Unemployment may be down but those stuck in the benefits system testify to it being a hellish punitive bureaucracy.

In one Aditya Chakraborrty outlines the case of ‘John’ – the man who was told he ‘wasn’t really disabled’:

“None of this is an accident. It is a system that has been set up by a government that wants to deprive poor people of money that is owed to them, even while it hands cash to the richest. This week ministers will formally announce that disability benefits will be cut by a further £3.7bn a year. People with mental health problems, who need help just getting out of the door, are now to be judged not “really disabled”. This from the same party that has spent seven years slashing corporation tax, so that big businesses now pay nearly £11bn less into the public purse. What’s more, Theresa May has vowed to cut these taxes even further.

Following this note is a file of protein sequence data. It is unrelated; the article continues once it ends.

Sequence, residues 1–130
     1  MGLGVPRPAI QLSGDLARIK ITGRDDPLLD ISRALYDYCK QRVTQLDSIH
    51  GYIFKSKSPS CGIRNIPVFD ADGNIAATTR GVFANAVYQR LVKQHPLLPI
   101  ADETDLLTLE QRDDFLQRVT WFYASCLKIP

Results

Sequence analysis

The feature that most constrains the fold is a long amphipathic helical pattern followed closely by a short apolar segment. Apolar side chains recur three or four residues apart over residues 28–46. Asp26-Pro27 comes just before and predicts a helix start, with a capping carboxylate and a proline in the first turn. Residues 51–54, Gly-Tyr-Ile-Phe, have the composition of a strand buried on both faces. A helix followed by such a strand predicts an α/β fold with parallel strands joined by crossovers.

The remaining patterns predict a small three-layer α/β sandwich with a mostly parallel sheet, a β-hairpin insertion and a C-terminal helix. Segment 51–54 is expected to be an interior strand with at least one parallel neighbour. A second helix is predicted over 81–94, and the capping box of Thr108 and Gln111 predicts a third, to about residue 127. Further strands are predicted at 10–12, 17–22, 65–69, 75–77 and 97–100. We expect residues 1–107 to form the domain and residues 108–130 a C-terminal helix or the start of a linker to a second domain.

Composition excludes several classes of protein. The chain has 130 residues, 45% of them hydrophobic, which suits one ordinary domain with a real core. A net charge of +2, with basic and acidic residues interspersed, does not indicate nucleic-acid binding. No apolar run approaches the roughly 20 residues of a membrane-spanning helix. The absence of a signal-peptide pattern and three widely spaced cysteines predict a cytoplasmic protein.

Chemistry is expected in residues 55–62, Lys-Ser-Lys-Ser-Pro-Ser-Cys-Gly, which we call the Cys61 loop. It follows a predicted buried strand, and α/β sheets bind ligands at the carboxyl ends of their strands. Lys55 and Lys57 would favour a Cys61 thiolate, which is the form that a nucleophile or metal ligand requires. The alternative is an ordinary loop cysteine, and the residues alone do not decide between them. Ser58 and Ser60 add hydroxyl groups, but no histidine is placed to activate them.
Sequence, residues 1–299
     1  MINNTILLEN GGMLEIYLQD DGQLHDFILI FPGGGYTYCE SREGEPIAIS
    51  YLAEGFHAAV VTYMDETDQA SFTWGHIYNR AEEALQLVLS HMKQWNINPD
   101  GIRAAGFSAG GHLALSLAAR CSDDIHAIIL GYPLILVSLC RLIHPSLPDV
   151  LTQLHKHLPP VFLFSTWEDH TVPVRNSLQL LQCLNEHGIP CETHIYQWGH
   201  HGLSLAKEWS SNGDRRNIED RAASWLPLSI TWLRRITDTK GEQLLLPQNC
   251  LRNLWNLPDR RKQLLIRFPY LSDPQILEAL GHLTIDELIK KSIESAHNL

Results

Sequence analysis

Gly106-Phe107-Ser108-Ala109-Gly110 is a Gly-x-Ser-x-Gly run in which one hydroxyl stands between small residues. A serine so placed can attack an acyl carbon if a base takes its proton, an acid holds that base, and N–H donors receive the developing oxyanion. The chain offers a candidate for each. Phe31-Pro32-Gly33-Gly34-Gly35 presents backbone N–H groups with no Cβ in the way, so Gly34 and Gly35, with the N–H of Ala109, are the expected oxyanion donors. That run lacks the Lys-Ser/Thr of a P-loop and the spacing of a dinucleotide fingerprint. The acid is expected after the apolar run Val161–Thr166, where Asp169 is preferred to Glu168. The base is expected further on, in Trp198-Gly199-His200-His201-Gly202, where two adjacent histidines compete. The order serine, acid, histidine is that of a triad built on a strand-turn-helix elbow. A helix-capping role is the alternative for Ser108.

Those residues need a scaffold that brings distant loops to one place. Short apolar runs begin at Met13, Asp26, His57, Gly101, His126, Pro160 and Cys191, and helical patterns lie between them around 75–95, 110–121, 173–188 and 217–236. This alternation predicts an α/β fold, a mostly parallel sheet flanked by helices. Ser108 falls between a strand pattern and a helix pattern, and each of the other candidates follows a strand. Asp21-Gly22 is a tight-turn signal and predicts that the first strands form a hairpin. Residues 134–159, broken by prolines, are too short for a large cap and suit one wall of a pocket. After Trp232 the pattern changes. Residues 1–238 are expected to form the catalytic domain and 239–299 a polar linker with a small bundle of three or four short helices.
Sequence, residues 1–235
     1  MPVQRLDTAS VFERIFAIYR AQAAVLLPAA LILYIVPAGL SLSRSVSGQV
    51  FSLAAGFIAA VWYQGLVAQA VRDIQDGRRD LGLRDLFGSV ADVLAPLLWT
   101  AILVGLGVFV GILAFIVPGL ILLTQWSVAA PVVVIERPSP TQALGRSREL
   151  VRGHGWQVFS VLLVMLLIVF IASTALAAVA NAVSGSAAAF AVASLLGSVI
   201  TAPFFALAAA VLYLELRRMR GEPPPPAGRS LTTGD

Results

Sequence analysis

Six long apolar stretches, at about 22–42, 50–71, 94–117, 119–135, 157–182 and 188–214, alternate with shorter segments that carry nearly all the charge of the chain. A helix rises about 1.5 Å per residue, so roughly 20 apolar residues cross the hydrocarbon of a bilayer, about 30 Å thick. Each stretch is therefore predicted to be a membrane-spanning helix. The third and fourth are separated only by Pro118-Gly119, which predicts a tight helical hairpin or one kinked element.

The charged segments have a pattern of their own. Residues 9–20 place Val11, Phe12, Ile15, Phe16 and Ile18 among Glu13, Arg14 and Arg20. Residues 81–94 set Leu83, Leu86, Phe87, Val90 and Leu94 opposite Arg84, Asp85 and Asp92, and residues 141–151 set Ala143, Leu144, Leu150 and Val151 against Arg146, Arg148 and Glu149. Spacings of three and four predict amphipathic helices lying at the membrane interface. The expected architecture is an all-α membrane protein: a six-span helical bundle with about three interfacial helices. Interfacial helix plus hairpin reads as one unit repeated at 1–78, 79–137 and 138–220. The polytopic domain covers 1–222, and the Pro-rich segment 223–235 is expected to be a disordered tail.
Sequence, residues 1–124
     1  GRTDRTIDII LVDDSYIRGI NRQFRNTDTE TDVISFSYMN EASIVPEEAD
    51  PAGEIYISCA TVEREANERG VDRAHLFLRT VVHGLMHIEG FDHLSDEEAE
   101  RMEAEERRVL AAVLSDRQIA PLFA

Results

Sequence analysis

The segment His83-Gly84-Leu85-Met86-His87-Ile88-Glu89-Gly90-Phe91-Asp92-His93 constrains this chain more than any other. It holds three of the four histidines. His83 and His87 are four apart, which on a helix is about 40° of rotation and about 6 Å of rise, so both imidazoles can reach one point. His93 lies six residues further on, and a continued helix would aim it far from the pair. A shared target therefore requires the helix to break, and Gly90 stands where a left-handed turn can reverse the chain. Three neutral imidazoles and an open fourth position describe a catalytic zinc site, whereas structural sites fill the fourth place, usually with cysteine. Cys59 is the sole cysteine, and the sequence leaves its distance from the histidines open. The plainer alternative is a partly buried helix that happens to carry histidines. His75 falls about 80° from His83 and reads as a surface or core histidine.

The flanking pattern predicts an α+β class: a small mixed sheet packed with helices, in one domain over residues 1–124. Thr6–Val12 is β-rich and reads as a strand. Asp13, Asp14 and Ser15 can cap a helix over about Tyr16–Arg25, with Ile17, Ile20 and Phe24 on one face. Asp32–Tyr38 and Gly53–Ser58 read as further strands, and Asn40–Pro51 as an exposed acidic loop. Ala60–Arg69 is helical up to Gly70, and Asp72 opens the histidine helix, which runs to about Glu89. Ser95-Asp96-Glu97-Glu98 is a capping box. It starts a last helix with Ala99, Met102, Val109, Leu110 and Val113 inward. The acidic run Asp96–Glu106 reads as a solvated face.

This is the same party that has tried to make the appeals process even harder for people such as John, so that claimants merely file papers rather than get to present their case in person. The same party that allows huge delays to mount up in assessments for personal independence payments, which means people with disabilities are deprived of both that and a range of other help.

Think about having to live on a few quid a week, of being interrogated over the possibility of any more, of being cut adrift from the rest of society for no other reason than your disabilities. Then think about the consequences. The people who can’t get by on nothing. Those who are driven to the wall.